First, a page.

In early 1968, Martin Luther King, Jr., and other civil rights leaders continued plans for a Poor People’s Campaign. It would take place in the spring in Washington, D.C. The poor and those in solidarity with them would take up temporary residence and march peacefully on the Capitol and advocate for substantial anti-poverty legislation from Congress. They would demand jobs, healthcare, and decent housing.
People set up a camp on the Washington Mall and called it Resurrection City. Jesse Jackson gave his famous "I Am Somebody" speech there. But King was assassinated in the weeks leading up to the campaign and Robert Kennedy was assassinated during it. Disheartened and discouraged, people drifted away from the campaign, their dreams deferred.
What if MLK had lived to lead the campaign with his insight and eloquence? What if Bobby Kennedy had lived to support it with his doggedness and political will? Would the United States be a place where 1 out of 5 children, around 15.5 million, are in poverty and where close to 50 million people are without health insurance?
Something happened at my Title I elementary school that brought those questions to mind. A guest speaker, dressed in a hardhat and reflective vest, stood before my classroom of second-graders, his white skin and Boston accent in contrast with the black and brown children using southern drawls and Hispanic accents in front of him. He was telling them about his work as a miner in western Canada.
"What were you doing on Christmas Day?" he asked. The students waved their hands in the air, buzzing with answers.
"Well, do you know what I was doing on Christmas Day?" he continued. He pointed to a picture on the SMART Board of a giant truck at the expansive mine. "I was working ... driving that truck all day long."
A soft-spoken little girl named Maria suddenly spoke up and said, "My mom had to work on Christmas Day, too."
The Poor People’s Campaign has largely been forgotten. Yet here was an echo of it in my small, inner-city classroom. The experiences of a working class white man and a brown child from the home of immigrant parents were connected, similar and familiar.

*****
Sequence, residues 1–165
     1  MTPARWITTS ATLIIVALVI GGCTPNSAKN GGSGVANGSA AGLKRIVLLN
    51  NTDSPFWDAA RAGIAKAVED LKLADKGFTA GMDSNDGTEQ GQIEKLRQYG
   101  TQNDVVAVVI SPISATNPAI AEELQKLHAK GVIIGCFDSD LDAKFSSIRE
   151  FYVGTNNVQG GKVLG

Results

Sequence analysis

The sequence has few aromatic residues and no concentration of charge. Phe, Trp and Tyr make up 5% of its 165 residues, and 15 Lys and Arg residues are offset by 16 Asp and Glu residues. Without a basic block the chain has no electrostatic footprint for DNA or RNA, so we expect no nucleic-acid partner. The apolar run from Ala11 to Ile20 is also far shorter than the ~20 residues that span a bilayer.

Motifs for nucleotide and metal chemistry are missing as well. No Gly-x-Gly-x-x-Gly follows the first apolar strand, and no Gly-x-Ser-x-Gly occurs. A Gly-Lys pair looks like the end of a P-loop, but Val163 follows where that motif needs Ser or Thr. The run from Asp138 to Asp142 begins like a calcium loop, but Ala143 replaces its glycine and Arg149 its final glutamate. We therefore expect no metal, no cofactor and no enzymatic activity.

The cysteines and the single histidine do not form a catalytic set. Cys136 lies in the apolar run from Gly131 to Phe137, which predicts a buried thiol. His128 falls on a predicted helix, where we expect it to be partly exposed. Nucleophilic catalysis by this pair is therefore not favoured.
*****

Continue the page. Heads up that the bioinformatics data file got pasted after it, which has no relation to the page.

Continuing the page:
The struggle against poverty has seen some serious reverses since King’s time. The income gap between rich and poor is the highest it’s been since being first measured in 1967. The number of children living in poverty has risen steadily since then.
Public schools seem to me to be great places to see the dream of the Poor People's Campaign come true. Most of the 'institutions' in our country are built on our choices to be with people who look like us, think like us, and act like us. Change rarely comes through institutions like these — especially changes that involve good jobs, good health care, and good housing for the poor, changes that involve economic justice. In my opinion, public schools are at their best when they are built on people who don't look alike, think alike, or act alike, because we are more likely to change when we are with people who are different from us than if we are with people who are the same as us.
So it was with the miner and our students. They were different, but in their “friendship” they found a common experience, an experience that could lead them to work together for changes in our economic system — changes that could make the dream of the Poor People's Campaign come true.
Trevor Scott Barton is an elementary school teacher in Greenville, S.C. He is a blogger for the Teaching Tolerance project of the Southern Poverty Law Center.